Differential Diagnosis

Differential Diagnosis

DOI: 10.4018/978-1-5225-9655-4.ch012
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Diseases that should be considered in the differential diagnosis of Hashimoto's thyroiditis (HT) include subacute thyroiditis and Reidle's thyroiditis, Graves' disease, euthyroid sick syndrome, goiter, hypopituitarism, lithium-induced goiter, simple (non-toxic) goiter, thyroid lymphoma, toxic nodular goiter, and types I and II polyglandular autoimmune syndrome. The characteristic diagnostic clinical, biochemical, imaging (sonographic), and histological/cytological features of HT will help make a differential diagnosis. This chapter explores the differential diagnosis of Hashimoto's disease.
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Hashimoto's thyroiditis should be distinguished from other forms of thyroiditis.

  • Subacute granulomatous thyroiditis: It is a self-limiting painful disorder of the thyroid. Clinical examination, elevated erythrocyte sedimentation rate (ESR), elevated thyroglobulin (Tg) level and decreased radioactive iodine (RAI) uptake confirms the diagnosis.

  • Acute suppurative thyroiditis: It is a rare infectious condition of the thyroid.

  • Reidle’s thyroiditis: It is a fibrosing disorder of thyroid characterized by hypothyroidism and hypocalcemia, and diagnosis is made by histo-pathology.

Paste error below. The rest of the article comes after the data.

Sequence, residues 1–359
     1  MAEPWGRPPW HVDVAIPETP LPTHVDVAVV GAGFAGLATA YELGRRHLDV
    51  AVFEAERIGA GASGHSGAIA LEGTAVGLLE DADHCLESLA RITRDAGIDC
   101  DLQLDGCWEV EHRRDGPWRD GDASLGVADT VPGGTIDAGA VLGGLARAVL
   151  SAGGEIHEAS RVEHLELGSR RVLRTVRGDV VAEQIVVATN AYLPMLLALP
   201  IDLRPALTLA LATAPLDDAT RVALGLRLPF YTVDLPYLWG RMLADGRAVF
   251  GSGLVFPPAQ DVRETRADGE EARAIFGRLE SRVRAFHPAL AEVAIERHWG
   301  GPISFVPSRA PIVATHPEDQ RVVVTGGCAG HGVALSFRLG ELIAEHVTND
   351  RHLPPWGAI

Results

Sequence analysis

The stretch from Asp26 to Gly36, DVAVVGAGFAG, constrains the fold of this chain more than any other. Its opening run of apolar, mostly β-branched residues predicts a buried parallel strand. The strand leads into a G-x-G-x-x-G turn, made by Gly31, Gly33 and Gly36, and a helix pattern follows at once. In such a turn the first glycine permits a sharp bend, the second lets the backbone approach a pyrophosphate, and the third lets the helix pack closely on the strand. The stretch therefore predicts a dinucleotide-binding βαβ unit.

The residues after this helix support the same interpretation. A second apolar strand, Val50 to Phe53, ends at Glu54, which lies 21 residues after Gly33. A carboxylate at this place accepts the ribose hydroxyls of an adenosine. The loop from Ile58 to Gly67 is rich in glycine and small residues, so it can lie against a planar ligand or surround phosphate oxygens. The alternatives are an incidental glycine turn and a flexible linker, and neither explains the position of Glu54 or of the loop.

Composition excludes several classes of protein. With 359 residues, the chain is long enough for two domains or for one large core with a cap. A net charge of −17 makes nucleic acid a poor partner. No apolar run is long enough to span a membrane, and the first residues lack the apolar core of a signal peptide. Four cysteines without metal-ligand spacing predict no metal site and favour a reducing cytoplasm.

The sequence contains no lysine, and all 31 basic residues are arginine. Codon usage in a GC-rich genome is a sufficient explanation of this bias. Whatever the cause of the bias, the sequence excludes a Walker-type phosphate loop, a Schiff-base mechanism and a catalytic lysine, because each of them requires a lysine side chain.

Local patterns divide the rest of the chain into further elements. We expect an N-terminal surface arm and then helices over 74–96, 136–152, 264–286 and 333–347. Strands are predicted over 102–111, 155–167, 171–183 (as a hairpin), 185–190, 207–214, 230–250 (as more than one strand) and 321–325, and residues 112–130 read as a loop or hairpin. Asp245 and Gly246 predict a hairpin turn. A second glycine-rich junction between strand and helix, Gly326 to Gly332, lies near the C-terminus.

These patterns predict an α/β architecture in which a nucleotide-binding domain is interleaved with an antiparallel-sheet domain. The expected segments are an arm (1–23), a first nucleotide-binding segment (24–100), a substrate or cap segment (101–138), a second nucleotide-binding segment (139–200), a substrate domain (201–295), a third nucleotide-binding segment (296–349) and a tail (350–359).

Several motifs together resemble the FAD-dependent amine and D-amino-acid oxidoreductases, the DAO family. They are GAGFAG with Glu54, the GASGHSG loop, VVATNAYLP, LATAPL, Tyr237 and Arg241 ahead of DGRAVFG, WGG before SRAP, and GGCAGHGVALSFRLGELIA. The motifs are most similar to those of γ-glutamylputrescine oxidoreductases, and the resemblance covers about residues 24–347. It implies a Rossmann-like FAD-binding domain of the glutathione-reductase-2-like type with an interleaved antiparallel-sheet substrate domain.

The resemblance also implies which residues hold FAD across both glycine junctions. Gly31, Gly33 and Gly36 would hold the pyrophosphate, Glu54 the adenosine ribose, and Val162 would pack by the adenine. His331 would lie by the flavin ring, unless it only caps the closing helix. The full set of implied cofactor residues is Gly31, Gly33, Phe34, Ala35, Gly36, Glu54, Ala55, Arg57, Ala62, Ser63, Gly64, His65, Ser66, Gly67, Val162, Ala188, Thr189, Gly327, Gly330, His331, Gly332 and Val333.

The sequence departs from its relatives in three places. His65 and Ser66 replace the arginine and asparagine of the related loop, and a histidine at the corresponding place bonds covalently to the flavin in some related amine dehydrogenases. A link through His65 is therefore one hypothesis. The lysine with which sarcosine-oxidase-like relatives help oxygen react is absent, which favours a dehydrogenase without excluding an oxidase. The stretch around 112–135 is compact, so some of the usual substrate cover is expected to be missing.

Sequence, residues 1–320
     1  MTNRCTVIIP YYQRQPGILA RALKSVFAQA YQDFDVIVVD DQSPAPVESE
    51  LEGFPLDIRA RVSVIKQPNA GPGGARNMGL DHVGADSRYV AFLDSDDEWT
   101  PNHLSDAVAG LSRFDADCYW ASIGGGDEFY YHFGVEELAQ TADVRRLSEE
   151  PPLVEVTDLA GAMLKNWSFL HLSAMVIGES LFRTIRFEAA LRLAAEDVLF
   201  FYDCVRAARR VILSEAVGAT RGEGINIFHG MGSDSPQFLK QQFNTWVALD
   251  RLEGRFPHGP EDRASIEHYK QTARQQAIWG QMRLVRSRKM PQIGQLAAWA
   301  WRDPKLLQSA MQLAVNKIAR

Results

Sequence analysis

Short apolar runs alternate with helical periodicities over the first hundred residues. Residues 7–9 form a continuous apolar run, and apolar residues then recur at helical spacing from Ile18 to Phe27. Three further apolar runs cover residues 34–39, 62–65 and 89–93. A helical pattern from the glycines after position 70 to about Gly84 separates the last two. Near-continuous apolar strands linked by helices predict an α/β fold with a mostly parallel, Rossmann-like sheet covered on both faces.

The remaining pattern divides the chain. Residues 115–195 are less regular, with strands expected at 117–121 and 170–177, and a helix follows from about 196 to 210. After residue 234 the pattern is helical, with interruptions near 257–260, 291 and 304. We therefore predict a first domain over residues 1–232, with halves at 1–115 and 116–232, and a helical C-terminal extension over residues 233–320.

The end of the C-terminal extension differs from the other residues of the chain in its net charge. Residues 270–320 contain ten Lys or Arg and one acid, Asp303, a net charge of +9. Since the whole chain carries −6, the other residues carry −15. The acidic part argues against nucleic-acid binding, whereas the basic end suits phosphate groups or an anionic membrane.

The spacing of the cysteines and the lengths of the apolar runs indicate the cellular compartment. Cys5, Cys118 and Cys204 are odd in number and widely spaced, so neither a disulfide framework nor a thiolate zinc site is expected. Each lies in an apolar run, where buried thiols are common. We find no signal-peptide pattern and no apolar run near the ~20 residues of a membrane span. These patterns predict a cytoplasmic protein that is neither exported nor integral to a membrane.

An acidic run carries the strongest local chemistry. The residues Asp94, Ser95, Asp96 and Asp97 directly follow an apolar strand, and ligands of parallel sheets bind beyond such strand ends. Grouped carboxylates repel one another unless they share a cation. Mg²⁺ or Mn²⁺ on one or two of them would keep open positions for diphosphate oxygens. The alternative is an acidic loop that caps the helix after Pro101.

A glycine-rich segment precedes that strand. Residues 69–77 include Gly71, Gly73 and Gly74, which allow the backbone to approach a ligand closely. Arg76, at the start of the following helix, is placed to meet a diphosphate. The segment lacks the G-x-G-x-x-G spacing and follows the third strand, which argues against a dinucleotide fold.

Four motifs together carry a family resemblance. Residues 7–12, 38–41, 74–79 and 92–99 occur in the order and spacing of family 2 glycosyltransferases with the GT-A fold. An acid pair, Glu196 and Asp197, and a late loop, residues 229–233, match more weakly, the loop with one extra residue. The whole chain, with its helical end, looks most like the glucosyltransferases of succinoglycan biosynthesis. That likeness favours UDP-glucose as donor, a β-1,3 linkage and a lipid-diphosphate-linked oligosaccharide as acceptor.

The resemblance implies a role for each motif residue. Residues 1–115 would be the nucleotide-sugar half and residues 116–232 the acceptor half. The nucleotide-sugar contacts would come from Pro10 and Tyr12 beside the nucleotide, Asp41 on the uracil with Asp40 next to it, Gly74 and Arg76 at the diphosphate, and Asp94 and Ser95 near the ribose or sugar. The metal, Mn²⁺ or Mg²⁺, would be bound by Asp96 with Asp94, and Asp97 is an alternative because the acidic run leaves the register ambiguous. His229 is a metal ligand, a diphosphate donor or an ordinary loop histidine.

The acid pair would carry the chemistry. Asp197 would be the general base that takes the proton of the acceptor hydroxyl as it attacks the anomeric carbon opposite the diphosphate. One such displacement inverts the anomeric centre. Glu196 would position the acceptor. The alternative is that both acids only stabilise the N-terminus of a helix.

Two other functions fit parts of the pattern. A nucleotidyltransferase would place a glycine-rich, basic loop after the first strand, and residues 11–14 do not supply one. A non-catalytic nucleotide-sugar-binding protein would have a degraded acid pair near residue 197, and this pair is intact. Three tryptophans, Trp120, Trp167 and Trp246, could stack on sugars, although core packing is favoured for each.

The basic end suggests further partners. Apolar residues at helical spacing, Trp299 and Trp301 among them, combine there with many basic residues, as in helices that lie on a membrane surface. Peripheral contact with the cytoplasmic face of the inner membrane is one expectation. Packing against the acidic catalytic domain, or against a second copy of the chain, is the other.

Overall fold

Thyroid Neoplasm

A thyroid tumor must also be considered in the differential diagnosis of Hashimoto's disease, particularly if there is rapid growth of the gland or persistent pain. The diffuse nature of autoimmune thyroiditis, the characteristic hypothyroidism and involvement of the pyramidal lobe are usually sufficient for differentiation. It is still uncertain whether FNA is indicated. However, it must be remembered that lymphoma or a small-cell carcinoma of the thyroid can be and has been mistaken for Hashimoto's thyroiditis. Clusters of nodes at the upper poles strongly suggesting papillary thyroid carcinoma (PTC) may disappear when thyroid hormone replacement therapy is given. However, a sufficient number of patients with both thyroiditis and tumor have been recorded. Thus, one diagnosis in no way excludes the other. Papillary thyroid carcinoma with Hashimoto's thyroiditis is characterized by female predominance, multi-focality, no extra-thyroid extension, no lymph node metastasis and better recurrence-free survival (Zhang, 2012; Fiore, 2011; Krysiak, 2011). Thyroid lymphoma must always be considered if there is continued (especially asymmetric) enlargement of a Hashimoto's gland, or if pain, tenderness, hoarseness, or nodes develop. Thyroiditis is a risk factor for thyroid lymphoma, although the incidence is very low. Distinguishing thyroid lymphoma from Hashimoto's thyroiditis is sometimes quite difficultin cytology. Flow cytometry, immune histochemistry or polymerase chain reaction (PCR) should aid in diagnosis (wozniak, 1999; Miller, 1991). Reverse transcription-polymerase chain reaction (RT-PCR) detecting the mono-clonality of immunoglobulin heavy chain mRNA is useful for differentiation between the two (Tanako et al., 2000).

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